I’m not internalizing this concern, however, or accepting it as a “fear” of cancer. I’m physically able, and the demands of this benefit run, no matter how testing they will be, I believe are within my range of possibility. I’m just more frustrated that, at this moment, running isn’t the experience it once was and I’m finding that I have to adjust to my circumstances and abilities in order to bring it back into perspective, give it longevity, and find the same value I did with progressing my competitive abilities as I did in the past…but this time in different ways.
Cancer hasn’t taken running from me yet, and I’m going to work to make sure that doesn’t happen. In the present, the treatments have taken my competitive abilities and potential to push further into faster territory, but I haven’t written off the possibilities just yet. I know the body has an incredible ability to regenerate itself, and I’m hoping I can facilitate that through continuous training. Even so, if I’m damaged enough that I can’t get faster, that I can’t maintain previous levels of intense pacing, I can still endure. I can still go and go and go, and that running experience is just as fulfilling as it is to run fast. Part of the reason I’m doing this fundraiser, to the extent that I’m running as far as I am, is because I AM confident that I have this in me, that I CAN run like this, and so it’s my responsibility to make the most of it.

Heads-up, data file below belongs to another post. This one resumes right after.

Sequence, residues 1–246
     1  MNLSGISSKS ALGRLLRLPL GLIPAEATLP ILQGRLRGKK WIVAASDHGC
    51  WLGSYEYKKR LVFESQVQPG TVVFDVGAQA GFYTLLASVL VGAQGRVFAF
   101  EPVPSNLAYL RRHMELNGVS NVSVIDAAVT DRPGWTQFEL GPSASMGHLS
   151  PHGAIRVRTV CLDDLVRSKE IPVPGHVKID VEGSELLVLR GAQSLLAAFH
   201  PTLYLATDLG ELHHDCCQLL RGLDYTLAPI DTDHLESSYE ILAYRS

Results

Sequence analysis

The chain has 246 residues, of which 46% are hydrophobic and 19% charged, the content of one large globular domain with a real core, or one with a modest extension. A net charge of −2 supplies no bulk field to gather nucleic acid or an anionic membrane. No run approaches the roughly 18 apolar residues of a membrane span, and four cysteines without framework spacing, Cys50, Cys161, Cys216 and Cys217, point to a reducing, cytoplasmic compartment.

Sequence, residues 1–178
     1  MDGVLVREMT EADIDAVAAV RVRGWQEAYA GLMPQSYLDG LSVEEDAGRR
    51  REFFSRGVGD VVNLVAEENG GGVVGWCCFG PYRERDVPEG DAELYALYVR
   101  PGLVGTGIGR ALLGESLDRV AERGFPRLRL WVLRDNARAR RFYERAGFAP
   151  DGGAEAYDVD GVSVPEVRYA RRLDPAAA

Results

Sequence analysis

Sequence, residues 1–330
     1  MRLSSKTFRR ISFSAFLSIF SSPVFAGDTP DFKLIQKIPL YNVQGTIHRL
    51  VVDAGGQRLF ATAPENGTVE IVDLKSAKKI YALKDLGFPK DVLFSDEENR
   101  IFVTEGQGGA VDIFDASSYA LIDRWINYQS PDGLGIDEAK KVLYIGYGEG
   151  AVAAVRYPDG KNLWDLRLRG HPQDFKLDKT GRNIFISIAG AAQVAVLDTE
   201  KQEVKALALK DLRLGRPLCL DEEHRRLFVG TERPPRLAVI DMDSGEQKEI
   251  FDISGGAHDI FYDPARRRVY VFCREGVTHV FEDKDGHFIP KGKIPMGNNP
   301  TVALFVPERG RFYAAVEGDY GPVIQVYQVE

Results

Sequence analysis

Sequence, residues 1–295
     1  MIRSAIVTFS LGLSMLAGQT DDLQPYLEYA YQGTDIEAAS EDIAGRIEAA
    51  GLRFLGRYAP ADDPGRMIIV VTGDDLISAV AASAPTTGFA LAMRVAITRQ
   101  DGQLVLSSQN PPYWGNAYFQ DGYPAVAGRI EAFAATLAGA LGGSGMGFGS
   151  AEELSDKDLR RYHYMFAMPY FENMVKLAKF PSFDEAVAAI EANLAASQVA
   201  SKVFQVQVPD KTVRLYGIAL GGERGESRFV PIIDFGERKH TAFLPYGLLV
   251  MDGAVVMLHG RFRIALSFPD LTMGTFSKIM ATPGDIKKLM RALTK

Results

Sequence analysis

Barring the window of opportunity slamming down on my aspirations, I’m going to run again and again and again, enjoying myself with each step, with each struggle, no matter that I won’t be pinning on a bib number and going for another win. For now, it’s going to be about the continuous experience and not the superhuman aspirations. I can live with cancer and I can live with that.